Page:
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Britannia Way, Lilydale

Home > Melbourne > Free | Outdoor | Walks
by Neil Follett (subscribe)
I'm a retired photographer living in Lilydale mainly researching and writing on Australian aviation history. Now writing more on general subjects.
Published June 14th 2021
Britannia rules the ways
Britannia Way is only a 600 metre thoroughfare, starting and ending on Nelson Road.

Britannia way
Britannia way.

You can make it a complete one kilometre circuit by joining the two ends along Nelson Road.

Britannia way
Looking down to Nelson Road.

A surprise, tree wise, was a 15 metre tall banksia tree. Research indicates that they can grow up to 30 metres tall. Most species seen in suburban gardens are the shrub and bush variety.

banksia tree
Banksia tree.


banksia
A single banksia.

Flowering gum trees are beginning to flower, offering some colour to street trees, whereas deciduous trees are offering colour to gardens.

flowering gum
Red flowering gum.

Some yellow daisies providing a brilliant splash of colour as did a single bloom and a bush full of yellow daisies. Another splash of yellow was a trio of roses.

yellow daisy
Yellow daisy.


daisy bush
A bush full of daisies.


yellow rose
Yellow beauty.

Not many walkers were out but a cyclist was peddling along Nelson Road.

lady & pusher.
Mother & pusher.


cyclist
Cyclist on Nelson Road.

Bird sightings was restricted to two Indian mynas on a rooftop and one noisy miner displaying its acrobatic skills while feeding. A colourful nesting box attached to a tree looked like it was well used.

Two quiet Indian mynas.

noisy miner
Acrobatic noisy miner.


nesting box.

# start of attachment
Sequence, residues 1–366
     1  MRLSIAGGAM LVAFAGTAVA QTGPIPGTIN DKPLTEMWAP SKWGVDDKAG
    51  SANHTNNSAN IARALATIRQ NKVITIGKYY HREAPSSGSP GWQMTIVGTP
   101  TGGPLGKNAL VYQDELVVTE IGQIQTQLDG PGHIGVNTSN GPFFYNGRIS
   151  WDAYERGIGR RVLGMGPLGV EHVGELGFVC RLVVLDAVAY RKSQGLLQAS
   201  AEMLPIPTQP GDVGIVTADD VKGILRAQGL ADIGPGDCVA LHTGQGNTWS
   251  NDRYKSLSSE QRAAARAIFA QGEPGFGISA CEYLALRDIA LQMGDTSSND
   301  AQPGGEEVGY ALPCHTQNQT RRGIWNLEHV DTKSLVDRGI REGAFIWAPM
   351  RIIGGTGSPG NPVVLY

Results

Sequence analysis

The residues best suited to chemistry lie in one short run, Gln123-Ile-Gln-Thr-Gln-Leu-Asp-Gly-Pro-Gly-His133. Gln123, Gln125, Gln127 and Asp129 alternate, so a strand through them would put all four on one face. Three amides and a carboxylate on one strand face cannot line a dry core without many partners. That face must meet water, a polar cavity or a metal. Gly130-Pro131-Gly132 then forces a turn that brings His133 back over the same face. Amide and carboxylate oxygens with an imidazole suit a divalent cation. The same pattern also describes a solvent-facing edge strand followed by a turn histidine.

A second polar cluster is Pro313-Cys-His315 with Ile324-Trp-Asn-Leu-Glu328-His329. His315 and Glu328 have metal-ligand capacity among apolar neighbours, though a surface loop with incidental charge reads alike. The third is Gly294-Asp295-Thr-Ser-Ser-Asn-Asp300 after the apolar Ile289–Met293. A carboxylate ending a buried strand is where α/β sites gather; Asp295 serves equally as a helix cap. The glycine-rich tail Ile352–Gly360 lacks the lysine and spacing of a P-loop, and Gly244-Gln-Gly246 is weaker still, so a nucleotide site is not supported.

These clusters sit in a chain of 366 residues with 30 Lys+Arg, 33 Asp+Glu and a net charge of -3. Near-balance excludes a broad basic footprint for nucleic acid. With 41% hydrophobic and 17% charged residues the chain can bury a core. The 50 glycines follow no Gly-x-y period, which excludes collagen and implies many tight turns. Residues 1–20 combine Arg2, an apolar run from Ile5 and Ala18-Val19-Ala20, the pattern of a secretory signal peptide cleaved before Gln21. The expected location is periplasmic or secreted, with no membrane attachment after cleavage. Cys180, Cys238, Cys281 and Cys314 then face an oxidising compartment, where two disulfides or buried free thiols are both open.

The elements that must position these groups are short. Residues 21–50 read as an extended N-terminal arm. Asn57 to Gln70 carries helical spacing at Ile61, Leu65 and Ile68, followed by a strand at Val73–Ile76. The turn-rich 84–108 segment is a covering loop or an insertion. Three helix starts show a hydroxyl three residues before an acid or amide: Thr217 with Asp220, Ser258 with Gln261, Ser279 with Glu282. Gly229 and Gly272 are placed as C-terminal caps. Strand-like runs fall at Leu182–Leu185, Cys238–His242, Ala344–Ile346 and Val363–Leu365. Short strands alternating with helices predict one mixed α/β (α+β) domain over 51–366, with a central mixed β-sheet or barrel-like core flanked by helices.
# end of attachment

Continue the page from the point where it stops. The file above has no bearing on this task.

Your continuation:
The colourful nesting box.

Making up for the lack of feathered birds a metal stork was standing stately in one garden, while another garden ornament thought they were Atlas, holding up a birdbath.

metal stork
The metal stork.


garden ornament.
The would be Atlas.

Many hebe bushes were in flower as were several grevilleas.

hebe bush
A variety of a hebe flower.

A particularly spectacular sight was a weeping cherry tree with the sun shining through its autumn leaves.
weeping cherry bush.
A wonderful sight.

My new find on this walk was a grewia plant, quite colourful with different shades of pink.

grewia
The beautiful grewia flower.

Along the Nelson Road section, a spoon village had sprung up, not highly inhabited, but a start.

spoon village
From little spoons a village grows.

A native species of South America is the potato vine, which is appearing in a few gardens. It is a climbing plant, hence the vine name.

Potato vine
Potato Vine creeper.

Many houses that have a front fence are often establishing a garden between the fence and the footpath. One in Britannia Way had a row of six Yucca plants which will eventually hide the colorbond metal fence.

Yucca plants.
A row of yuccas.

A pink azalea plant looked attractive and are a popular low growing variety, as was a lantana bush.
azaleas
A species of the azalea.


Lantana.
Lantana.


It's an easy walk, with footpaths on both sides and power lines underground.

Street sign
You have seen the way.



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Why? It's a circular walk.
When: Anytime
Where: Britannia Way, Lilydale. Melways map: 38. H.2.
Cost: Free
Your Comment
The weeping cherry was a spectacular sight. Right place at the right time.
by annie (score: 1|51) 43 days ago
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